• TOILET ARTICLE (Early Saxon - 411 AD to 650 AD)
  • TWEEZERS (Early Saxon - 411 AD to 650 AD)
  • TWEEZERS (Early Saxon - 411 AD to 650 AD)
  • UNIDENTIFIED OBJECT (Early Saxon - 411 AD to 650 AD)
  • UNIDENTIFIED OBJECT (Early Saxon - 411 AD to 650 AD)
  • UNIDENTIFIED OBJECT (Early Saxon - 411 AD to 650 AD)
  • VESSEL (Early Saxon - 411 AD to 650 AD)
  • VESSEL (Early Saxon - 411 AD to 650 AD)
  • VESSEL (Early Saxon - 411 AD to 650 AD)
  • WHETSTONE (Early Saxon - 411 AD to 650 AD)
  • BELL (Medieval - 1066 AD to 1539 AD)
  • BUCKLE (Medieval - 1066 AD to 1539 AD)
  • MOLLUSCA REMAINS (Medieval - 1066 AD to 1539 AD)
  • POT (Medieval - 1066 AD to 1539 AD)
  • THIMBLE (Medieval - 1066 AD to 1539 AD)
  • BELL (Post Medieval - 1540 AD to 1900 AD)
  • BUCKLE (Post Medieval - 1540 AD to 1900 AD)
  • POT (Post Medieval - 1540 AD to 1900 AD)
  • THIMBLE (Post Medieval - 1540 AD to 1900 AD)

Protected Status

  • SHINE

Sources and further reading

---Photograph: See file.
---Aerial Photograph: TF9819 A-,AND-APG,APK,APL,APP-AQG,AQK-AQL.
---Archive: NAU Staff. 1974-1988. Norfolk Archaeological Index Primary Record Card.
---Article in Serial: Healy, F. 1984. Recent Finds of Neolithic Bowl Pottery in Norfolk. Norfolk Archaeology. Vol XXXIX Pt I pp 65-82.
---Article in Serial: Hills, C.. 1980. Notes and News. Antiquity. Vol 54, pp 52-4.
---Archive: Norfolk Monuments Management Project File.
---Article in Serial: Le Neve, P.. 1712. An Extract of a Letter, Giving an Account of a Large Number of Urns Dug Up at North Elmham in Norfolk.. Philosophical Transactions of the Royal Society.. Vol XXVIII, pp 257-260. pp 257-60.
---Article in Serial: 1985. Archaeological Discoveries for 1984. CBA Group VI Bulletin. No 30 pp 23-36. p 26.
---Archive: Clarke, R. R. and NCM Staff. 1933-1973. Norwich Castle Museum Record Card - Neolithic. Elmham (north) [3].
---Archive: Clarke, R. R. and NCM Staff. 1933-1973. Norwich Castle Museum Record Card - Bronze Age. Elmham (North).
---Archive: Clarke, R. R. and NCM Staff. 1933-1973. Norwich Castle Museum Record Card - Iron Age. Elmham (north).
---Archive: Clarke, R. R. and NCM Staff. 1933-1973. Norwich Castle Museum Record Card - Roman. Elmham [North] [5].
---Archive: Clarke, R. R. and NCM Staff. 1933-1973. Norwich Castle Museum Record Card - Early Saxon. Elmham (North) [6].
---Monograph: Swan, V. G.. 1984. The Pottery Kilns of Roman Britain. Royal Commission on Historical Monuments Supplementary Series. 5.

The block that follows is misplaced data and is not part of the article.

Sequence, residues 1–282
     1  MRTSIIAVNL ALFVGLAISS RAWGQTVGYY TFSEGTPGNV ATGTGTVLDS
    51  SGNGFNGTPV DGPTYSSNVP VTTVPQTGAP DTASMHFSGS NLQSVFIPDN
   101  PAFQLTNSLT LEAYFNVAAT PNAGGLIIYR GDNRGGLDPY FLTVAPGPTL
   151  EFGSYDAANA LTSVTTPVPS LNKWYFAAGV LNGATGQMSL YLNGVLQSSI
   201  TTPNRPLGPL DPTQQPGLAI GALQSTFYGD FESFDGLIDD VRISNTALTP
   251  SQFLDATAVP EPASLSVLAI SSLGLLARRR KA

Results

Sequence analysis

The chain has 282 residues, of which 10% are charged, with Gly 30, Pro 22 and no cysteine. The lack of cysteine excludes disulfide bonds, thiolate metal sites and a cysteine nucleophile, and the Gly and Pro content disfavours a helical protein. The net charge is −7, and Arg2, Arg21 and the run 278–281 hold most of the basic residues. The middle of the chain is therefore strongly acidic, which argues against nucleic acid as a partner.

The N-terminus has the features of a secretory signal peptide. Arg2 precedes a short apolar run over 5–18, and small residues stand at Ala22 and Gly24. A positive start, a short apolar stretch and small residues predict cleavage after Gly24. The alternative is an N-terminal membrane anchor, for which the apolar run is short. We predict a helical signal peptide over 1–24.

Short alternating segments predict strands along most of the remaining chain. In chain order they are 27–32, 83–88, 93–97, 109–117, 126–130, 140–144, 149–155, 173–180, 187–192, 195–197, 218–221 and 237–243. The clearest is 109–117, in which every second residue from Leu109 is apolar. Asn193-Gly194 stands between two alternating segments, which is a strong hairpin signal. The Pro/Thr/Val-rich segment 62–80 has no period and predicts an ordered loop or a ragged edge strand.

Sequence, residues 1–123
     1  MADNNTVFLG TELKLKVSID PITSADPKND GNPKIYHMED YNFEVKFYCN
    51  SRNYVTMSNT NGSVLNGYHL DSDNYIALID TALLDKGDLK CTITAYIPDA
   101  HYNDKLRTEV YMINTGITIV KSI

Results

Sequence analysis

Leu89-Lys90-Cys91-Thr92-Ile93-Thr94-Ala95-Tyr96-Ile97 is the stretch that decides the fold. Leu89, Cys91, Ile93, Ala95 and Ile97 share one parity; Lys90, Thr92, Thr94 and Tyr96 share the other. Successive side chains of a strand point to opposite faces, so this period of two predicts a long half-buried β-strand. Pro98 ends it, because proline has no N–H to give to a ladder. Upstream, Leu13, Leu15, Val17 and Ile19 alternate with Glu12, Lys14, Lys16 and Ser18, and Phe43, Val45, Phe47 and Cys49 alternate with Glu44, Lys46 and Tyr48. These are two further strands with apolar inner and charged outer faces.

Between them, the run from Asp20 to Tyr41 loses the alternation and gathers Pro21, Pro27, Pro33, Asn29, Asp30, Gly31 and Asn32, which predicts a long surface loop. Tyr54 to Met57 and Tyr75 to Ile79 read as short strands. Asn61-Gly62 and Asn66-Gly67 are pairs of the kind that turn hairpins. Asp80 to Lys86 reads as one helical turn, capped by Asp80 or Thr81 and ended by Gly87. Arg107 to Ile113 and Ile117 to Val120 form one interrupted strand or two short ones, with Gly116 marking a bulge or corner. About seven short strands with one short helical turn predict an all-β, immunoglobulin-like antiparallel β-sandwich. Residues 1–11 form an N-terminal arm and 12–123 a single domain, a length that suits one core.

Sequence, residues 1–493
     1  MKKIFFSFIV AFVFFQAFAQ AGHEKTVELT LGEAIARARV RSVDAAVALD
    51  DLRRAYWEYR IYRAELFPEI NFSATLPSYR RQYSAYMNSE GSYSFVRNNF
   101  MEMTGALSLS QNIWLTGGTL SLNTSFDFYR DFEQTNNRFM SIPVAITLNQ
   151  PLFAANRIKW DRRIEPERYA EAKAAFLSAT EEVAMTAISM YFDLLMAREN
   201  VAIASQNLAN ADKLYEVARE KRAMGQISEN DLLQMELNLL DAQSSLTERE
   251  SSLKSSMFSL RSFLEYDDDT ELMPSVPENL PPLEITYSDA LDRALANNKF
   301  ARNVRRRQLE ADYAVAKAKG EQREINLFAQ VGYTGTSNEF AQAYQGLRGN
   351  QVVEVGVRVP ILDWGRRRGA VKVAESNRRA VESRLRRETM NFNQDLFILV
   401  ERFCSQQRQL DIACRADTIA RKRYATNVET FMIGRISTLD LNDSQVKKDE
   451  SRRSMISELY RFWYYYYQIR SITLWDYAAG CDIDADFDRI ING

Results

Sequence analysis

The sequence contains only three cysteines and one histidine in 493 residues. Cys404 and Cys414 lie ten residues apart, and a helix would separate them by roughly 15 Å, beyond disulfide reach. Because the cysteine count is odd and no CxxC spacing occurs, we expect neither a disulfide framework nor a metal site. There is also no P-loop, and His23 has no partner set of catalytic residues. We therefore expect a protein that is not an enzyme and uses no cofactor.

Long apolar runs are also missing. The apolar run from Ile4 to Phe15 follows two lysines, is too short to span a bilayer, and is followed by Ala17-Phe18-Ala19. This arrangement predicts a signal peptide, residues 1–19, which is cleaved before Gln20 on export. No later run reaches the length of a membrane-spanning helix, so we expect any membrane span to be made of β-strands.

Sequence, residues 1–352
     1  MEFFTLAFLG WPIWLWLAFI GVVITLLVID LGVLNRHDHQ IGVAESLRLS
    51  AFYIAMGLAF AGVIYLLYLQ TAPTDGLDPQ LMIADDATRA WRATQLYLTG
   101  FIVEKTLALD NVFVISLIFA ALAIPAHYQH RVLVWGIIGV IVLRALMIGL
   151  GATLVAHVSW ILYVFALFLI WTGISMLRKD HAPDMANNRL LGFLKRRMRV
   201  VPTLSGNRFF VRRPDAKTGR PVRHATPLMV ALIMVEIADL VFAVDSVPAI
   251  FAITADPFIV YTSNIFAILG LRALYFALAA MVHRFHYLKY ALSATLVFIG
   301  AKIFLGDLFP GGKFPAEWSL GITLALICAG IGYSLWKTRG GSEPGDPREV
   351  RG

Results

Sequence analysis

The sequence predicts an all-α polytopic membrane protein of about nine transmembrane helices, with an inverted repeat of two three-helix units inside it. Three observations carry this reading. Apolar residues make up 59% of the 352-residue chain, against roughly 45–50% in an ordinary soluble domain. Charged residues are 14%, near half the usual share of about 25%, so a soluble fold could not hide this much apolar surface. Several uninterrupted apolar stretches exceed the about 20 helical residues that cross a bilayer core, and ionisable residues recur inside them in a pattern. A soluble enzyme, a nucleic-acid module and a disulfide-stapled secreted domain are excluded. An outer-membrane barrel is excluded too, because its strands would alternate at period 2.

---Article in Serial: Hills, C.. 1977. Chamber Grave from Spong Hill, North Elmham, Norfolk. Medieval Archaeology. Vol XXI pp 167-176.
---Article in Serial: Clarke, R. R. 1955. Other Archaeological Excavations, 1954. Norfolk Research Committee Bulletin. Series 1 No 7 (for 1954) p 2.
---Article in Serial: Carr, R. D. 1972. Excavations at Spong Hill, North Elmham. Norfolk Research Committee Newsletter and Bulletin. Series 2 No 9 pp 14-15.
---Secondary File: Secondary file.
---Slide: Various. Slide.
---Fiche: Exists.
---Photograph: 1968-1972. CD-CU.
---Photograph: 1968-1972. CW-DU.
---Photograph: 1968-1972. DW-EU.
---Photograph: 1968-1974. EW-GZ.
---Photograph: 1973. JY.
---Photograph: 1973-1974. KA-LR.
---Photograph: 1975. MR-NZ.
---Photograph: 1976. RL-RZ.
---Photograph: 1977. VA-VV.
---Photograph: Various. VV-WU.
---Photograph: Various. WV-WZ.
---Photograph: Various. YA-YE.
---Photograph: 1977-1978. YE-YQ.
---Photograph: 1977-1978. YR-YZ.
---Photograph: 1978. BAA-BAZ.
---Photograph: 1979. BCA-BCK.
---Photograph: 1979. BCM-BCT.
---Photograph: 1979. BCV-BCZ.
---Photograph: 1979. BHA-BJP.
---Photograph: 1979. BJT-BJZ.
---Photograph: 1979. BLA-BLU.
---Photograph: 1979. BLW-BLZ.
---Photograph: 1979. BNA-BNH.
---Photograph: 1979. BNJ-BNR.
---Photograph: 1979. BNS-BNZ.
---Photograph: 1980-1981. BQA-BTZ.
---Photograph: 1980-1981. BXA-BXY.
---Photograph: 1981. CAA-CAG.
---Photograph: 1981. CAJ-CAP.
---Photograph: 1981. CAT-CAZ.
---Photograph: 1981. CNJ-CNP.
---Photograph: 1984. CQJ-CQN.
---Photograph: 1984. CRA-CRB.
---Photograph: 1984. CRN-CRS.
---Photograph: 1984. CYR.
---Photograph: 1984. EDS.
---Photograph: 1984. EDW-EDX.
---Photograph: EXP-EYW.
---Photograph: EYX-EZH.
---Photograph: EZK-EZQ.
---Photograph: 1990. FBW-FBX.
---Photograph: FBZ.
---Monograph: Hills, C. and Lucy, S.. 2013. Spong Hill. Part IX: Chronology and synthesis. Mcdonald Institute Monographs.
<S1>Monograph: Hills, C. 1977. The Anglo-Saxon Cemetery at Spong Hill, North Elmham. Part I: Catalogue of Cremations, Nos 20-64 and 1000-1690. East Anglian Archaeology. No 6.
<S2>Photograph: NLA. Finds Photograph.
<S3>Illustration: Finds Illustrations.
<S4>Correspondence: Various.
<S5>Newspaper Article: Newspaper cuttings.. Various.
<S6>Monograph: Healy, F. 1988. The Anglo-Saxon Cemetery at Spong Hill, North Elmham. Part VI: Occupation during the Seventh to Second Millennia BC. East Anglian Archaeology. No 39.
<S7>Monograph: Rickett, R. 1995. The Anglo-Saxon Cemetery at Spong Hill, North Elmham. Part VII: The Iron Age, Roman and Early Saxon Settlement. East Anglian Archaeology. No 73.
<S8>Oblique Aerial Photograph: Edwards, D.A. (NLA). 1992. NHER TF 9819APB-APC (NLA 305/GKG5-6) 11-JUN-1992.
<S9>Oblique Aerial Photograph: Edwards, D.A. (NLA). 1981. NHER TF 9819AJB-AJF (NLA 111/AQV1-5) 08-JUL-1981.
<S10>Oblique Aerial Photograph: Edwards, D.A. (NLA). 1991. NHER TF 9819ANV-ANX (NLA 292/GHB1-3) 22-JUL-1991.